Carl Sandburg

(6 January 1878 – 22 July 1967 / Illinois)

'Boes - Poem by Carl Sandburg

I waited today for a freight train to pass.
Cattle cars with steers butting their horns against the
bars, went by.
And a half a dozen hoboes stood on bumpers between
cars.
Well, the cattle are respectable, I thought.
Every steer has its transportation paid for by the farmer
sending it to market,
While the hoboes are law-breakers in riding a railroad
train without a ticket.
It reminded me of ten days I spent in the Allegheny
County jail in Pittsburgh.
I got ten days even though I was a veteran of the
Spanish-American war.
Cooped in the same cell with me was an old man, a
bricklayer and a booze-fighter.
But it just happened he, too, was a veteran soldier, and
he had fought to preserve the Union and free the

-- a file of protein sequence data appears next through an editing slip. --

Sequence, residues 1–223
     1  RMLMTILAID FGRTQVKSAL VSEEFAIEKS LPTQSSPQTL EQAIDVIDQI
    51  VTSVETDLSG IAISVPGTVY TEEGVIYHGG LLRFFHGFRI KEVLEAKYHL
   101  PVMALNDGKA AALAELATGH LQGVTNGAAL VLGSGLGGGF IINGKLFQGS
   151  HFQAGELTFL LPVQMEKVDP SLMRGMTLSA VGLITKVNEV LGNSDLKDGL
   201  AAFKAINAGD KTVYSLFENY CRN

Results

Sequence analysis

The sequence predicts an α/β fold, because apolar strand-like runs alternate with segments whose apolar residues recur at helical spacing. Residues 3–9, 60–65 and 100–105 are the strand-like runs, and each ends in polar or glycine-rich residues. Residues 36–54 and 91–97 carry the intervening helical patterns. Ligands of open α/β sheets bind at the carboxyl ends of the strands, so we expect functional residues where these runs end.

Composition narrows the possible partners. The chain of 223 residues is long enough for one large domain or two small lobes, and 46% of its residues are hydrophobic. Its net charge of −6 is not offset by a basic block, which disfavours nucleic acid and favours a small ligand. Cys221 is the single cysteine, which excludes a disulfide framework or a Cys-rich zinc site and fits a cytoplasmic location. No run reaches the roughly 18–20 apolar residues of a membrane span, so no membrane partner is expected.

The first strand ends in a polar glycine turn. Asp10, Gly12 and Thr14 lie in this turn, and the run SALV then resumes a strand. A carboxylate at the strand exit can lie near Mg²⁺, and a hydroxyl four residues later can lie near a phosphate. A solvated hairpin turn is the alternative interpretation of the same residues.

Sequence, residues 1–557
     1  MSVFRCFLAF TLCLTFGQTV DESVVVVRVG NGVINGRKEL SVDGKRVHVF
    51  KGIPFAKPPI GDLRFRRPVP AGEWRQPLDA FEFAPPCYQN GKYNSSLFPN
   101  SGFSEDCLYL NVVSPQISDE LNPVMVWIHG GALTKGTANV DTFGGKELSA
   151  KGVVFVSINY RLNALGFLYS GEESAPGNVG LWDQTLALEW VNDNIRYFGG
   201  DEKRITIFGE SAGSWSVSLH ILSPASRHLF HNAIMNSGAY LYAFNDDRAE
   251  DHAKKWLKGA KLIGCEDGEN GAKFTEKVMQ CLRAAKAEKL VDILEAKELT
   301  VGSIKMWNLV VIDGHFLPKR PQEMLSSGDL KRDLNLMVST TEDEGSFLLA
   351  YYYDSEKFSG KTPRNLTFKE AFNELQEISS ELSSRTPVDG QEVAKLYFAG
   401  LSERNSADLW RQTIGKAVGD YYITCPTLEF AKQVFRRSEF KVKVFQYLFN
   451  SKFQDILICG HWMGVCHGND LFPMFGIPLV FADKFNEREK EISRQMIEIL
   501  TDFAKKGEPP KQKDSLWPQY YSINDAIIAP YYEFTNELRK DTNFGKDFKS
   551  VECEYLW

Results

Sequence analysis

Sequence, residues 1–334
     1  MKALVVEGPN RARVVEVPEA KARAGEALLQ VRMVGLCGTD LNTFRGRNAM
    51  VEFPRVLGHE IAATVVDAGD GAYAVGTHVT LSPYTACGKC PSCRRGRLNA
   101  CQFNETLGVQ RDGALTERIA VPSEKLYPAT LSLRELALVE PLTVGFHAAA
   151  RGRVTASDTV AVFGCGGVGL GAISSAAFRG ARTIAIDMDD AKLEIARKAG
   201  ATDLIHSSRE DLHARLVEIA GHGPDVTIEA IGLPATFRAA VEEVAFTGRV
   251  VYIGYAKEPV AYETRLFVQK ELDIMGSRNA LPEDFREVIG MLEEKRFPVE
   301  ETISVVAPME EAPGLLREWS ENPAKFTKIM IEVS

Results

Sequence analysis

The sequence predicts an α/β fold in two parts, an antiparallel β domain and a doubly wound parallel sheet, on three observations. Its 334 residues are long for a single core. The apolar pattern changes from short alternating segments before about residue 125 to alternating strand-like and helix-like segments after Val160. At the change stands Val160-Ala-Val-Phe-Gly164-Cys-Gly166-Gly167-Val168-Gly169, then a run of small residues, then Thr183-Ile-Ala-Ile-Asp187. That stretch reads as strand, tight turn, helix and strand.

niggers.
We were three in all, the other being a Lithuanian who
got drunk on pay day at the steel works and got to
fighting a policeman;
All the clothes he had was a shirt, pants and shoes--
somebody got his hat and coat and what money he
had left over when he got drunk.


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Read poems about / on: soldier, money, today, war, car, work



Poem Submitted: Monday, January 13, 2003



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